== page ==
Mill capacitor centrifugal switch issue?

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My new mill is down. So while I'm waiting for Mr. Technician to arrive, I figured I'd post & solicit some advice. It was running fine & then it seemed to me the motor started making a noise that didn't sound right. Then it tripped the breaker. The motor noise didn't really sound 'mechanical' like grinding or friction, but I'm no expert & maybe this was wishful thinking. Anyway, no heavy load or anything like that. Maybe a couple hours of cumulative running time. A few repeat tries of this startup with & no progress. If I start it in neutral it ran a tad longer (but always rough sounding) then trips breaker. If I put it into gear it trips breaker almost immediately. The motor is a 240V single phase 3 hp.

Tech visit number #1. <insert self ass-kick here> The first thing he notices is my panel breaker is 15A & the motor is 20A. DOH! Nowhere in my purchasing discussions did the topic of available amp duty come up. Its not even specified in the brochure or Taiwan manual. Now I am smarter about such worldly matters & will never make this error again. I will ask for motor plate specs up front. Anyway, I'm told start-up current can be higher than running current, so this needed to be dealt with first.

So I just finished installation of new 40A breaker on my panel, ran a dedicated AC 8/3 ( 8 gauge 40A) armored cable direct line & 240V 40A outlet to my mill area & new range style plug on the mill. Now I can use this outlet or at least this upgraded line for a TIG welder one day. Measure 240V at the panel, 240V at the plug, so far so good. I plugged the mill in, flicked the switch on for 2 seconds, it started immediately. But to my ear the exact same kind of ratchety sound. I started again, ran it for about maybe 5 seconds and then BANG. Pretty sure the capacitor blew because I think that's what lives in the little cover pod on the motor side & where lots of magic smoke came from. Well, crap!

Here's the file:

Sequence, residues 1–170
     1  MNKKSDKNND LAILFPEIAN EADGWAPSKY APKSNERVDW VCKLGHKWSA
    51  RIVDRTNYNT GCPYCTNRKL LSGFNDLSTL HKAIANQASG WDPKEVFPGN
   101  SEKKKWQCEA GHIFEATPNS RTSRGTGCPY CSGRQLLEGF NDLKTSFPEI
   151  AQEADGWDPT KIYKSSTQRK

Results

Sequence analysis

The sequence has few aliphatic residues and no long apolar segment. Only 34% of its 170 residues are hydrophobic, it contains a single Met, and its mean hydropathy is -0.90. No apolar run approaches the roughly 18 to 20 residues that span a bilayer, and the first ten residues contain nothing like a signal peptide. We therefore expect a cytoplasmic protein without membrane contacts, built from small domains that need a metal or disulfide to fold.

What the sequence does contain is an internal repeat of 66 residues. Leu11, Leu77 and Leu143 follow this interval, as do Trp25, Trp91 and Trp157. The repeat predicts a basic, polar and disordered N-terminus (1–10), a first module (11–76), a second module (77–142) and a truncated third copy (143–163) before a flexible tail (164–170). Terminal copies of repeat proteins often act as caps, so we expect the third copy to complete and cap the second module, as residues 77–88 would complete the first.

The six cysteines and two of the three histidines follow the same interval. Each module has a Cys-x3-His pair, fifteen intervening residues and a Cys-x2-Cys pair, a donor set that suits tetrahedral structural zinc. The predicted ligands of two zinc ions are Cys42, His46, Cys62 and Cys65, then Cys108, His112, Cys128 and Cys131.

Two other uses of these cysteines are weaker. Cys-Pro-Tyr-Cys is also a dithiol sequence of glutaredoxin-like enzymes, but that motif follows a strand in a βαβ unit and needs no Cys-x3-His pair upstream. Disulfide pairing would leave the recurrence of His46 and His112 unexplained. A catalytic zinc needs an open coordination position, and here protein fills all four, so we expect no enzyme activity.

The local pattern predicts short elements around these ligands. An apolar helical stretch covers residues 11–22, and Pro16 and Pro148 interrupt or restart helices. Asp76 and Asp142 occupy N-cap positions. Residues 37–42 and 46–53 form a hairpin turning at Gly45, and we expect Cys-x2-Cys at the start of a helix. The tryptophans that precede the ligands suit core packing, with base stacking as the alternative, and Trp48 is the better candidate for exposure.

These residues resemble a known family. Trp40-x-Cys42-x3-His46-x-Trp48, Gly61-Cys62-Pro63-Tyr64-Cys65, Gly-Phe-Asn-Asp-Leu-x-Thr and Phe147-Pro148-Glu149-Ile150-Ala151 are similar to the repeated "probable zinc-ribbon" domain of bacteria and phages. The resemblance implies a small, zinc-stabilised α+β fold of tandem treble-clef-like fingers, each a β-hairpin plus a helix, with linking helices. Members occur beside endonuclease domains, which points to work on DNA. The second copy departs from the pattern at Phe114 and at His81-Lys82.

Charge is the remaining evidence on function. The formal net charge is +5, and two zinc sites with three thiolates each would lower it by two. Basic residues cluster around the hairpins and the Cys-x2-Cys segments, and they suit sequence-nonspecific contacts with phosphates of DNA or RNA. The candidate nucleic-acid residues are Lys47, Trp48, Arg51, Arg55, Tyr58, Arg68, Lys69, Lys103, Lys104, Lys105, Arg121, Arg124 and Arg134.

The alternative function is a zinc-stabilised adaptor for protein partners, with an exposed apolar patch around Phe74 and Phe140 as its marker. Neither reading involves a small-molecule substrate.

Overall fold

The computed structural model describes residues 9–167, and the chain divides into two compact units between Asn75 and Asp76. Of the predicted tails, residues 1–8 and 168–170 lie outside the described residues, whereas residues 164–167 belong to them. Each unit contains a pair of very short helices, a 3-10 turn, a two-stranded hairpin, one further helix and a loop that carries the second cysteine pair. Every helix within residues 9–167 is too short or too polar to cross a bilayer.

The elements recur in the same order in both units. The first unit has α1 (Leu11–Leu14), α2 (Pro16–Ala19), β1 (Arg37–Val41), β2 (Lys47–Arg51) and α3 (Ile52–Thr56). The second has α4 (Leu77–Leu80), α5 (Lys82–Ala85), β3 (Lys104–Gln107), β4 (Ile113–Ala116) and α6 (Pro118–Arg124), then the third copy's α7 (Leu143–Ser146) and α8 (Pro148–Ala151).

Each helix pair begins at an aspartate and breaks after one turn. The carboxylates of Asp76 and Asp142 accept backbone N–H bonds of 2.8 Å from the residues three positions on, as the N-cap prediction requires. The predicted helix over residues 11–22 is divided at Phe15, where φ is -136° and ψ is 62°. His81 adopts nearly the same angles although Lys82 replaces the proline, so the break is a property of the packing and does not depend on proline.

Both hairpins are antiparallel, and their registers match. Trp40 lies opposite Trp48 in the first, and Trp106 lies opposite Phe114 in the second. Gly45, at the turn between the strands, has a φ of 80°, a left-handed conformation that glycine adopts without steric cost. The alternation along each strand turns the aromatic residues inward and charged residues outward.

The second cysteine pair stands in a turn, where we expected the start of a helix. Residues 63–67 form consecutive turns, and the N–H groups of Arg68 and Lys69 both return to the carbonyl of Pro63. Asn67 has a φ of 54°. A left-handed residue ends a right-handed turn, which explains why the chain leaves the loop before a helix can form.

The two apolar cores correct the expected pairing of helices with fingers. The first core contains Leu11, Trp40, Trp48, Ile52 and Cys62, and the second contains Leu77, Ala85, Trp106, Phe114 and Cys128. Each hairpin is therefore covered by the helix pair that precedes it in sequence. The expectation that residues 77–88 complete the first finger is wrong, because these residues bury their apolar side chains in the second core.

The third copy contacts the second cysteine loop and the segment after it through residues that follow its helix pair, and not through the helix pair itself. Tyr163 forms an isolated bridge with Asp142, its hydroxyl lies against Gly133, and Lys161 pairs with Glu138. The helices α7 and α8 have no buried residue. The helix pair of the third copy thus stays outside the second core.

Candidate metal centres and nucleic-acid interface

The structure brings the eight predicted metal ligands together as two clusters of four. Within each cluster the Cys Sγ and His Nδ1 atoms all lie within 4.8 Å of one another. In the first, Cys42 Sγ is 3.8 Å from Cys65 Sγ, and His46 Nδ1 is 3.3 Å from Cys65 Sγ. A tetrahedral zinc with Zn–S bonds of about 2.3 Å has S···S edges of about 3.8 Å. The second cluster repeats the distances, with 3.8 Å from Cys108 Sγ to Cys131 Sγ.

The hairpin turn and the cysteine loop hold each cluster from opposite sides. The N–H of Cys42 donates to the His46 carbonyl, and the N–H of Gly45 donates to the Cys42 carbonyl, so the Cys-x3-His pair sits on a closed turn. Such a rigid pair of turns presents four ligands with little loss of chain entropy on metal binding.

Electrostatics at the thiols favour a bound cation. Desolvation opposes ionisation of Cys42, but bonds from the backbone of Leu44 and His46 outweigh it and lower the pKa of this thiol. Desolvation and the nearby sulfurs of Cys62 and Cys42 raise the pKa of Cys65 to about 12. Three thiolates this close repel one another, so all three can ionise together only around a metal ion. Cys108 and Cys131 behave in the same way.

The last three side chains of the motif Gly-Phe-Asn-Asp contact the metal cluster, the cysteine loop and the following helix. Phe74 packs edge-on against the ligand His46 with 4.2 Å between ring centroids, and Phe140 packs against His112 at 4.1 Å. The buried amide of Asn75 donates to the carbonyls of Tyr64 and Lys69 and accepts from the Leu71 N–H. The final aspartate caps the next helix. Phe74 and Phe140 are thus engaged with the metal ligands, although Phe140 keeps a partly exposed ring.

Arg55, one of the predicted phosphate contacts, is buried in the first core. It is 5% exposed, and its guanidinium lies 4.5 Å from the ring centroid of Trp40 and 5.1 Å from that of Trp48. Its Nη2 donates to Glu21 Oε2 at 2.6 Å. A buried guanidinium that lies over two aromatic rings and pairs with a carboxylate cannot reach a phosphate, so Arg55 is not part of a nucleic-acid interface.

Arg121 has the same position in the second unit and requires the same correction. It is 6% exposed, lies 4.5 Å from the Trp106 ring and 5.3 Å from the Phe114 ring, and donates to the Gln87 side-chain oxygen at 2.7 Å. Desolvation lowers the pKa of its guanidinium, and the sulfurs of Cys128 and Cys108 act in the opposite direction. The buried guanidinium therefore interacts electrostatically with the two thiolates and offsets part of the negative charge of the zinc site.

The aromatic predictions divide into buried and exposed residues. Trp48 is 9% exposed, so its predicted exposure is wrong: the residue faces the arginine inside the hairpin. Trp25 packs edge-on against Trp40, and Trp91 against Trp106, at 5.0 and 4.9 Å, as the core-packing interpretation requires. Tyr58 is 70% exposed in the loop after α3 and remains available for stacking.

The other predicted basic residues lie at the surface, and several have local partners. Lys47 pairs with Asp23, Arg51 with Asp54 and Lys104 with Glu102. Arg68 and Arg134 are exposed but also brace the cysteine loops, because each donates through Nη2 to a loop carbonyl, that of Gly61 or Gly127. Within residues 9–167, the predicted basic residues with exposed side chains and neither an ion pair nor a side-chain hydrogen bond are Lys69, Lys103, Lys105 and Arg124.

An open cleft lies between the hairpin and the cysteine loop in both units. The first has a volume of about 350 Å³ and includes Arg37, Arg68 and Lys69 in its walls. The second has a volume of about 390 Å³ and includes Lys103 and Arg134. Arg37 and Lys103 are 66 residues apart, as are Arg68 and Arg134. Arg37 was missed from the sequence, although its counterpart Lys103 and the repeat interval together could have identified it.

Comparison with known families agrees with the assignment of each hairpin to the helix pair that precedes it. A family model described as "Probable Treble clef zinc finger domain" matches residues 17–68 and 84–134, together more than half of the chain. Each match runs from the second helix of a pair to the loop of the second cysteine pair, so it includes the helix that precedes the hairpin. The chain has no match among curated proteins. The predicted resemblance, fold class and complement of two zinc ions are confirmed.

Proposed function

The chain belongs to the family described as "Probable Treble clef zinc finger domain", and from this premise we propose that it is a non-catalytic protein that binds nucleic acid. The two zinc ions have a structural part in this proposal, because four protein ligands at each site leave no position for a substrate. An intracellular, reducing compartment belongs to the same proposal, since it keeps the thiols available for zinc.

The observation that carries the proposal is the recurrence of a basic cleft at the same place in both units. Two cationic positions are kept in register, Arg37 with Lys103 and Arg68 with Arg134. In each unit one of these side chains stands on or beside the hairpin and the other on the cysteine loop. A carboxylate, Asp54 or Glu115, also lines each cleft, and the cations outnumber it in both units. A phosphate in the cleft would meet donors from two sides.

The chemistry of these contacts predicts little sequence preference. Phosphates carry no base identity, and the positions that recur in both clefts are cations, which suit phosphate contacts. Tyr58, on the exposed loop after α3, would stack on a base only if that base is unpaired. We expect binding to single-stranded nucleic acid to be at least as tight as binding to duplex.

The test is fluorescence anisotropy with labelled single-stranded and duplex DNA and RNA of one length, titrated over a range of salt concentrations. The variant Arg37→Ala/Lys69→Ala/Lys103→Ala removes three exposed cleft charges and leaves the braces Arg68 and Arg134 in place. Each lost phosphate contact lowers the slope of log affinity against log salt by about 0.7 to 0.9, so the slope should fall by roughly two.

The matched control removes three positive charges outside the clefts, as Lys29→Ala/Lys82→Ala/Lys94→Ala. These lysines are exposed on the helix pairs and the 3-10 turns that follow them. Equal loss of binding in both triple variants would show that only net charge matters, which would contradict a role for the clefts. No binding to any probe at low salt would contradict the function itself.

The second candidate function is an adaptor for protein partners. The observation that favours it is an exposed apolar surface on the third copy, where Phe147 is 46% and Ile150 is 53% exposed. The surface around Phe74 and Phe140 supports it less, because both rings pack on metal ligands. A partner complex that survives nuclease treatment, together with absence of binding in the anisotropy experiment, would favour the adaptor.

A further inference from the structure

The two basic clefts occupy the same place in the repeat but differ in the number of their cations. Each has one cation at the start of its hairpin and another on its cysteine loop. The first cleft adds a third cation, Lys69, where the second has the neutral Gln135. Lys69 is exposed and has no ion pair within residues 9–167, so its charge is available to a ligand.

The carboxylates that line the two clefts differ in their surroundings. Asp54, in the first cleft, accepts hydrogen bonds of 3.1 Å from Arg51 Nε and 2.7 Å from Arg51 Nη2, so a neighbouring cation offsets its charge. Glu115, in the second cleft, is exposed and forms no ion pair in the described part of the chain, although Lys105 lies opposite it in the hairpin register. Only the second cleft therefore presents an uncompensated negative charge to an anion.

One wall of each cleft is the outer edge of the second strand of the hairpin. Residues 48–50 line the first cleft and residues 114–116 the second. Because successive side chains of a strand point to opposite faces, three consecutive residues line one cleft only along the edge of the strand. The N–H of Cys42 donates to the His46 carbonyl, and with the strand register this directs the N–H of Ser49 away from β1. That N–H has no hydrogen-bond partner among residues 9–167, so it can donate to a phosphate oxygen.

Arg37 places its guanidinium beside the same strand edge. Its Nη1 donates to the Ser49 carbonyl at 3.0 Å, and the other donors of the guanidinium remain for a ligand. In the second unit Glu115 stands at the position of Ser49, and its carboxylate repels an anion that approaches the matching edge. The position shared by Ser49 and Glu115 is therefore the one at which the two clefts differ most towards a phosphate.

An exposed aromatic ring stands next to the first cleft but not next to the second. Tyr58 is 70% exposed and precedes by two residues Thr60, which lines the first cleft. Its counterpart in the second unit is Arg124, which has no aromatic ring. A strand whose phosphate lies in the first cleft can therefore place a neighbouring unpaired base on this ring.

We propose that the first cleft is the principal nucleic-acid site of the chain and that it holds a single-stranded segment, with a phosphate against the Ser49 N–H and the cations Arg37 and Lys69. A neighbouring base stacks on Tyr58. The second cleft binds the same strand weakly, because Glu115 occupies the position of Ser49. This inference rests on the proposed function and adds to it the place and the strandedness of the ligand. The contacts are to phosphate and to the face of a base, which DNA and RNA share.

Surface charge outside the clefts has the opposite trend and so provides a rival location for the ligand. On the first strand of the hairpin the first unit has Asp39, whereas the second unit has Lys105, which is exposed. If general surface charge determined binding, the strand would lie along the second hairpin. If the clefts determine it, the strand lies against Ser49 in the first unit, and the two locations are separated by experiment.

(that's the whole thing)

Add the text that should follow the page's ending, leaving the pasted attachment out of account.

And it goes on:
This got me Googling motor capacitors & related problems. I found this article & similar ones that suggest if the centrifugal switch is faulty, then it can overload the capacitors. https://cdn0.grizzly.com/manuals/g2529_m.pdf
Maybe the capacitor was bad or incorrect spec. We will never know because it surely must be shrapnel. Do you think its possible that the centrifugal switch migrated or slipped out of position & was the main culprit all along? Do you think my low 15A breaker configuration was tripping early & prolonging the inevitable when it finally had full 40A & went pop?

I cant see any detail in my 'abbreviated' user manual for the motor itself. Do you think my centrifugal switch / related hardware might be on top of the motor can where it could be readily examined & replaced without hauling that big muther motor off? Anything else you can think of that could explain this situation? Can windings & such be diagnosed on the machine?